The tax code allows you to give away up to $14,000 each year to as many people as you want, without triggering gift tax. If you and your spouse “split” your gifts, you can double this $14,000 annual gift-tax exclusion and give $28,000 per recipient.
If you’re thinking of sharing your wealth, here are some important gift-giving considerations.
• All gifts during the year, including birthday and holiday presents, count toward the $14,000 (or $28,000) annual gift tax exclusion. For example, say you give a $500 birthday present to your grandchild. You may give another $13,500 to that grandchild during the year without triggering the need for a gift tax return.
• A gift made by check isn’t complete until the recipient actually deposits or cashes the check. Plan accordingly when making year-end gifts, especially if you want such gifts to be counted toward this year’s gift-tax exclusion.
• For a gift to be valid, you must part with ownership. Pay special attention to gifts of stock in the family business or gifts of your personal residence.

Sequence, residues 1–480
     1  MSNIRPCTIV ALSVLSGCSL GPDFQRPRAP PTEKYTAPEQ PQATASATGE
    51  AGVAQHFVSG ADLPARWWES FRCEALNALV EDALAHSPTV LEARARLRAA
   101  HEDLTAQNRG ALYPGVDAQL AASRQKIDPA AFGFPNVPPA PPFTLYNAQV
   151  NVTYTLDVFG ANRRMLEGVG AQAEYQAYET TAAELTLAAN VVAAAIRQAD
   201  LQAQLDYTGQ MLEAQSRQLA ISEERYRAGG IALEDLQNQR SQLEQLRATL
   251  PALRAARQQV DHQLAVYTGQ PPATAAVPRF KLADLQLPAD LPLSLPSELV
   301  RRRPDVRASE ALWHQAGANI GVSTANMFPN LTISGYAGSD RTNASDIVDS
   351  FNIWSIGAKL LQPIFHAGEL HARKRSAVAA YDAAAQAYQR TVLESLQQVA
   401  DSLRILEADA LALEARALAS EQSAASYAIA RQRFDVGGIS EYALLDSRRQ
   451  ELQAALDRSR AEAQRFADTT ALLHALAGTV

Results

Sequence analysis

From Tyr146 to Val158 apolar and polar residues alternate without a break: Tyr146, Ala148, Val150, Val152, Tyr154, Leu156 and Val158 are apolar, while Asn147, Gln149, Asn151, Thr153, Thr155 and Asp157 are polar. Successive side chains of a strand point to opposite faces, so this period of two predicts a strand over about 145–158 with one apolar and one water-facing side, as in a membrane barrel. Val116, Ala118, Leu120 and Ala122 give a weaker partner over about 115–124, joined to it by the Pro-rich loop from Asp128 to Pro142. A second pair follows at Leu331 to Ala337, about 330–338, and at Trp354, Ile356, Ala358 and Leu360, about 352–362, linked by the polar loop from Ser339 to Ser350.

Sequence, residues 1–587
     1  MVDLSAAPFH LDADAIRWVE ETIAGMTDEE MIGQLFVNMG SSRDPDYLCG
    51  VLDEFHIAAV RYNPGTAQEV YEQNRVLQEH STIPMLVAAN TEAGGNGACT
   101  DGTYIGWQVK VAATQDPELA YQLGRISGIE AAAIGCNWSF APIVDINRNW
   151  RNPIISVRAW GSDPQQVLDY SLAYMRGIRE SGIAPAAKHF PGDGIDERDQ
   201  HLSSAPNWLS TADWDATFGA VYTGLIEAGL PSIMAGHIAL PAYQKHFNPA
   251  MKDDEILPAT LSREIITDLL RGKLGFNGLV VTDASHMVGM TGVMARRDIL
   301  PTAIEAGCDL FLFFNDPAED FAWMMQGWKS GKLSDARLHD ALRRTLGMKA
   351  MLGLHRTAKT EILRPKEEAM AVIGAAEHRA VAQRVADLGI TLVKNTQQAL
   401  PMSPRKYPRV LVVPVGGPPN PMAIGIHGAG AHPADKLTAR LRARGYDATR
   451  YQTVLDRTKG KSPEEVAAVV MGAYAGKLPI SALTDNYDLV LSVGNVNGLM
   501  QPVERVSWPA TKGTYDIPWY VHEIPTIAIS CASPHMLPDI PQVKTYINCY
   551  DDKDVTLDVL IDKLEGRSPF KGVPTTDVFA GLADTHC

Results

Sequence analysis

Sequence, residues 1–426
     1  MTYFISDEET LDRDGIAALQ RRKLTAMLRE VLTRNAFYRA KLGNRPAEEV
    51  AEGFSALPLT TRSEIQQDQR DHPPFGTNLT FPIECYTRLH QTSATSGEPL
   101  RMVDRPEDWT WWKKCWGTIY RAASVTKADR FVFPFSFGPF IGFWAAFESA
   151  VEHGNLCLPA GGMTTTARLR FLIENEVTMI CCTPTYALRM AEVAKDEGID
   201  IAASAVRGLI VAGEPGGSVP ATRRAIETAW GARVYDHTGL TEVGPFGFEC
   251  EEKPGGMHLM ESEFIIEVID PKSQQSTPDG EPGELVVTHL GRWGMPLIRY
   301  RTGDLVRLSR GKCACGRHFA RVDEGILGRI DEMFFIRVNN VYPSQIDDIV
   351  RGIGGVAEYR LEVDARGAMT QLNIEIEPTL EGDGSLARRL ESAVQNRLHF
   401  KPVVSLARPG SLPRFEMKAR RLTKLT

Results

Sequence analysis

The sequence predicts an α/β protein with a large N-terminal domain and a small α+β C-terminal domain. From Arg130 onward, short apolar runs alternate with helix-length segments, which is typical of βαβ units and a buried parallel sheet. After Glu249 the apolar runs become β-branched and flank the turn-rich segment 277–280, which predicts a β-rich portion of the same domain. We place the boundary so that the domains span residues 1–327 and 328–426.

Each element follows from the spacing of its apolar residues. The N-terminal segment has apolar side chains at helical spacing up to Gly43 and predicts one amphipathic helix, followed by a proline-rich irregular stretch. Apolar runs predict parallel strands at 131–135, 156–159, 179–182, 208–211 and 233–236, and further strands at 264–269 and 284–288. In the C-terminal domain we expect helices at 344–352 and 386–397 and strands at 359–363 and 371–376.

• Carefully consider the type of asset before you give it away. Property that has substantially appreciated in value may not be a good candidate for giving, especially if you are elderly. If you own stock or other property that has declined in value since you acquired it, you may be better off selling the property and giving away the proceeds. Giving away a life insurance policy can be an excellent strategy, but it’s subject to some tricky rules.
Of course, you should never make a substantial gift unless you can afford to part with the property. And any gift-giving program should be part of an overall estate plan. Remember, too, that gifts to individuals are not tax-deductible.
Tis the season for tax planning. Feel free to give us a jingle.